Trundle, Atwood and Christopher (2002)

This US study looked at the conceptual misunderstanding about the phases of the Moon held by pre-service, primary-school teachers (early stages of teacher training), before and after instruction. Two groups of teachers were analysed, one group receiving no instruction and another receiving training about Moon phases based on a Physics by Inquiry programme.

Learners’ ideas

  • Most teachers did not understand that half of the Moon always is illuminated by the Sun.
  • A significant number of teachers thought that the Earth’s shadow causes the phases of the Moon.
  • A small number of participants incorrectly linked Earth’s rotation to the cause of Moon phases.
  • Some thought that the Moon’s phases are caused by a planet’s (other than the Earth) shadow on the moon.
  • Some teachers did not recognise that the Moon orbits the Earth.
  • Other misconceptions included:
    • Moon phases are caused by the Earth's tilt.
    • Moon phases are caused by the sun’s orbit of Earth and Moon.
    • Moon phases are caused by a varying amount of light on the moon from the Sun.
    • Moon phases are caused by the varying distance between the Sun and Moon.

Evidence-based suggestions

The teachers recommend the use of the instructional sequence in Physics by Inquiry (McDermott, 1996) as a logical starting point for persons interested in providing instruction on Moon phases.

Further suggestions

  • Two-dimensional drawings in texts of the Sun, Moon, and Earth may well reinforce the incorrect notion of these three objects being in the same plane.
  • Diagrams showing lit portions of the Moon during the phases often give the false impression that less than half is lit at any time and so should be used with caution.

Study Structure


This study looked at the conceptual understandings held by pre-service, primary-school teachers about moon phases, before and after instruction. The research questions were:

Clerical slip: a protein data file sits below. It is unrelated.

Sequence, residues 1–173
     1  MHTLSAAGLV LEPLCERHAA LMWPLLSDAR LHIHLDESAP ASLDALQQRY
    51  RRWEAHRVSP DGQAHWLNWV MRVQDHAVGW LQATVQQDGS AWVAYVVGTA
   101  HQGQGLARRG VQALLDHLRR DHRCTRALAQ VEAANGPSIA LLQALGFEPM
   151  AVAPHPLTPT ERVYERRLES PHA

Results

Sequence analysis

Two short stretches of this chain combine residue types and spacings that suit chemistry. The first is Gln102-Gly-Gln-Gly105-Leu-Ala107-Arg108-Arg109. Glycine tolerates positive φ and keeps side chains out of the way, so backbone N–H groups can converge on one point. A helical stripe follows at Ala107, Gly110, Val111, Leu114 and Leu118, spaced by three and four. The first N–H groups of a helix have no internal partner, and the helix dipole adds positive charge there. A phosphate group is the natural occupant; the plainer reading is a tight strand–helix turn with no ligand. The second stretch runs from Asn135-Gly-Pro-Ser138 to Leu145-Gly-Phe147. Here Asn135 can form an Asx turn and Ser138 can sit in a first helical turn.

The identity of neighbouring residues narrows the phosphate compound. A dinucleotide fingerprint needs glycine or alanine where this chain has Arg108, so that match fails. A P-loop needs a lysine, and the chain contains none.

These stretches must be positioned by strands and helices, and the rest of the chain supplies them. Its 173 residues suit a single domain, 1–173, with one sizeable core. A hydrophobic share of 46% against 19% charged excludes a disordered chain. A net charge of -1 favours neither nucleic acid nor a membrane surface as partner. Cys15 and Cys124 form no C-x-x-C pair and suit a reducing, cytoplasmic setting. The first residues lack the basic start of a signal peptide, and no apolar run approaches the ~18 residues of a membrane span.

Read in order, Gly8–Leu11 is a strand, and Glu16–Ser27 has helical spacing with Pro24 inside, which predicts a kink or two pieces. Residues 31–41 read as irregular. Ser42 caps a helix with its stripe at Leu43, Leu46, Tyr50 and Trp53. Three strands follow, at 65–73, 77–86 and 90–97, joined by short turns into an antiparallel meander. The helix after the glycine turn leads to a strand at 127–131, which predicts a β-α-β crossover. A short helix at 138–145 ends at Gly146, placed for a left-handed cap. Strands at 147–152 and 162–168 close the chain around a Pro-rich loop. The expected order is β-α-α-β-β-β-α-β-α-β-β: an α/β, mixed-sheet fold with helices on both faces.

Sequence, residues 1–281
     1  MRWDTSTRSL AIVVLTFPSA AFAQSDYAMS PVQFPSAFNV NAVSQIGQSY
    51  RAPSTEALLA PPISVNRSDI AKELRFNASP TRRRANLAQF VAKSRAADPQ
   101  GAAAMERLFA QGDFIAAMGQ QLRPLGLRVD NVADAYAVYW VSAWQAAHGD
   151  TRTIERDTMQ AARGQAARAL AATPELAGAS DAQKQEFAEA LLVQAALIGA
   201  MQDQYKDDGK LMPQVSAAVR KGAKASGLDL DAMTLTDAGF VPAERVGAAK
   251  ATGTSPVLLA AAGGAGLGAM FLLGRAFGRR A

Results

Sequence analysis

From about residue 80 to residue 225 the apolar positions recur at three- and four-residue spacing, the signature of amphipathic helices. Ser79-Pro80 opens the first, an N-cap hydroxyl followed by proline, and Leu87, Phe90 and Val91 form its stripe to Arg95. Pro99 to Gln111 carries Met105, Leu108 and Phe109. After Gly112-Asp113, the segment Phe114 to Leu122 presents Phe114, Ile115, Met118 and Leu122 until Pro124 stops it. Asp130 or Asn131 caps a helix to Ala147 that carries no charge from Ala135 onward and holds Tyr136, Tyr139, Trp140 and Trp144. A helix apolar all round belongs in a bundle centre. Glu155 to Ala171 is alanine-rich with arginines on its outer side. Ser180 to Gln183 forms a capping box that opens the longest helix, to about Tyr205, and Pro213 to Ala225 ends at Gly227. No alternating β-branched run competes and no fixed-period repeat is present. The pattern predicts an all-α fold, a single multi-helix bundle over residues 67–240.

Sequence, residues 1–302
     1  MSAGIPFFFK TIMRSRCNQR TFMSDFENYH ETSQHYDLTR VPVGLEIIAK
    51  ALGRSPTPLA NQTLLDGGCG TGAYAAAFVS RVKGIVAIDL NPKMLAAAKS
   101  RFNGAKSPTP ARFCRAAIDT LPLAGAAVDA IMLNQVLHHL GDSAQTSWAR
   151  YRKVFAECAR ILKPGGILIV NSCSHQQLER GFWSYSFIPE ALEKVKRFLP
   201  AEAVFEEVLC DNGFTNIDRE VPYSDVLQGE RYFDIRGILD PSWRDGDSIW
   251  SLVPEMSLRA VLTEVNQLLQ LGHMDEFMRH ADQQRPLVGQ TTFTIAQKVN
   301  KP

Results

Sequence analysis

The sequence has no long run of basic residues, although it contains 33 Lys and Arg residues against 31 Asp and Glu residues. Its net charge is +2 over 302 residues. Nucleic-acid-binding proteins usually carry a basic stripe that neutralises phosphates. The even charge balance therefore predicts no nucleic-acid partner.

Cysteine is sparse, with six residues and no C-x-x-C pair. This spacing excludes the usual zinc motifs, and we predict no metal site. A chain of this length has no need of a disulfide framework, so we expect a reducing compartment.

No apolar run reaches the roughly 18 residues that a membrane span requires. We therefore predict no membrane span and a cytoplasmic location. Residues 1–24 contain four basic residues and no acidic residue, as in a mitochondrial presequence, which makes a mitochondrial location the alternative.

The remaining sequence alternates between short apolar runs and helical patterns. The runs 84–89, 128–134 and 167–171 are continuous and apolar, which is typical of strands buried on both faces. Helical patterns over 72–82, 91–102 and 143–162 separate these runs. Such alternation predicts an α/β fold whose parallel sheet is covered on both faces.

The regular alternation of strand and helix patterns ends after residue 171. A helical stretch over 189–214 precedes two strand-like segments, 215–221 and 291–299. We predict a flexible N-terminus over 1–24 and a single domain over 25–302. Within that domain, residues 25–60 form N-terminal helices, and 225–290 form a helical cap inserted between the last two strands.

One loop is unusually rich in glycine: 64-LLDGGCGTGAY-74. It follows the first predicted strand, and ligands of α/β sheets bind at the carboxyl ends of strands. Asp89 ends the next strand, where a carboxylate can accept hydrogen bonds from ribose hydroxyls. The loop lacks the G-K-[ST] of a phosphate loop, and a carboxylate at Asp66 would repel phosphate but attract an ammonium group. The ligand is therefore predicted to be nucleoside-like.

1. Before instruction, what are the types of conceptual understandings held by elementary pre-service teachers about the cause of moon phases?
  2. How do elementary pre-service teachers’ conceptual understandings of moon phases differ after completion of the instruction on this topic?
  3. On the cause of moon phases, how do the conceptual understandings of elementary pre-service teachers who completed the instruction compare with those who did not?
  4. Does using a three-dimensional model or making a two-dimensional drawing during pre-instruction interviews have instructional value?

Evidence collection

Evidence was collected via a qualitative protocol developed for the study. This included a set of standard interview questions with follow-up questions by the interviewer. Interviews were recorded and analysed. The analysis sought to identify common misconceptions.

Details of the sample

The sample consisted of 98 pre-service primary school teachers training at a major Southeast American research university. 91% of the 78 participants were females; 91% were White, and the others were African-American (6.4%), Asian-American (1.3%), and Hispanic-American (1.3%).

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